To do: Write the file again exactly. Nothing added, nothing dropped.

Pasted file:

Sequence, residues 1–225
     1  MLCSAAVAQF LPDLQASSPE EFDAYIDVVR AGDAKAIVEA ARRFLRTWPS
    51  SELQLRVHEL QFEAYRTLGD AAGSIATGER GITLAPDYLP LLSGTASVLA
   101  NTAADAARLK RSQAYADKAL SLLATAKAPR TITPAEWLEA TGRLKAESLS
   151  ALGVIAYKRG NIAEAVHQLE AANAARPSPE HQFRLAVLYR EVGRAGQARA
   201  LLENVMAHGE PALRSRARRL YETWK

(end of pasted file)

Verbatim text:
Sequence, residues 1–225
     1  MLCSAAVAQF LPDLQASSPE EFDAYIDVVR AGDAKAIVEA ARRFLRTWPS
    51  SELQLRVHEL QFEAYRTLGD AAGSIATGER GITLAPDYLP LLSGTASVLA
   101  NTAADAARLK RSQAYADKAL SLLATAKAPR TITPAEWLEA TGRLKAESLS
   151  ALGVIAYKRG NIAEAVHQLE AANAARPSPE HQFRLAVLYR EVGRAGQARA
   201  LLENVMAHGE PALRSRARRL YETWK